On December 18, 1917, the eighteenth amendment was approved by congress. Nearly two years later, the thirty-six states needed to ratify the amendment had done so. By 1920, prohibition had gone into effect by the creation of the Volstead Act. Our nation faced mixed views on this new law. Many “wets” believed that it violated our constitutional rights. Some believed that it interfered with their personal freedoms; others believed that it gave the government too much power. “Drys,” on the other hand, thought that temperance was good for a person’s health, thrift, and morals. Visions of America states that, “Wartime propaganda claimed that ‘German brewers in this country have rendered thousands of men inefficient,” (Keene 636). The “wet” campaign believed that in order to have a better war effort, the male citizens of the United States needed to be sober to focus.
Some of the more positives aspects of prohibition were more productive workers, families had more savings, and workers missed less days. These may seem like very simple things, but for many families it pulled them out of poverty. By putting alcohol aside, workers couldn’t show up to work drunk, or spend all of their money on some drinks. Temperance made workers more responsible. Another positive aspect was the individuality women gained from bar hoping. While this was illegal at the time, women gained a new sense of confidence because they were able to go out late. Before this, it was only usual for prostitutes to enter saloons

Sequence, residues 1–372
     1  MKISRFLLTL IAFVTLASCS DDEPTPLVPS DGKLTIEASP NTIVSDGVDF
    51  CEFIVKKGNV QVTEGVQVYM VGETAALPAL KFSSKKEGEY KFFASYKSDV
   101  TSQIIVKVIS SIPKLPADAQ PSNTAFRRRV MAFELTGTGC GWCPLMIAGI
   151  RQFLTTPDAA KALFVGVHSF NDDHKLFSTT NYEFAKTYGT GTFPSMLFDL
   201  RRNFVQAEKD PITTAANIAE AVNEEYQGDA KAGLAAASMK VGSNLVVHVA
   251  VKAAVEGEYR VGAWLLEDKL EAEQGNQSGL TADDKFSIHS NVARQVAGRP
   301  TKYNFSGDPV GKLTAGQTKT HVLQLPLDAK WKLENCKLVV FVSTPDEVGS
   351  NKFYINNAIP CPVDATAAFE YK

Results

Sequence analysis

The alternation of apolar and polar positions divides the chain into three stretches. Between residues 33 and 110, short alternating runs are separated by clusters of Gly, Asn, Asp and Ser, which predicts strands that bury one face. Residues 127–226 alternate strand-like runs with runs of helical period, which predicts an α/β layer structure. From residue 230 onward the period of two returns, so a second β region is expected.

Despite the many positive aspects of prohibition, there were still many negatives as well. Prohibition also raised crime rates, speakeasies were created, and it created conflict between citizens of the United States. Many Americans would illegally brew alcohol in their homes, or trafficked it into the states. Bringing alcohol into the United States during Prohibition was called bootlegging. The infamous Al Capone become popular with Chicago’s underworld for bootlegging. Speakeasies became secret bars where people could sneak out to drink. It was very popular as stated in the text, “Illicit drinking became fashionable among the young urban elite,” (Keene 637). As for the inner conflict of our country, instead of coming together to support the war effort, Americans; at this time; fought about this unnecessary problem.
Given these fine points, I have to believe that Prohibition was not the right thing to do during this time period. Overall, I feel as if the government shouldn’t have the right to take away one of our freedoms. Although not exclusively stated in the Constitution, the right to be able to drink alcohol should be our own. Americans should have the choice of whether or not they want to have a beer. That is why our country is know as, “the land of the free and the home of the brave.”
Keene, Jennifer D., Saul Cornell, and Edward T. O’Donnell. Visions of America: a history of the United States. third ed., vol. 2, Boston, Person, 2015, pp. 636-37, 2 vols.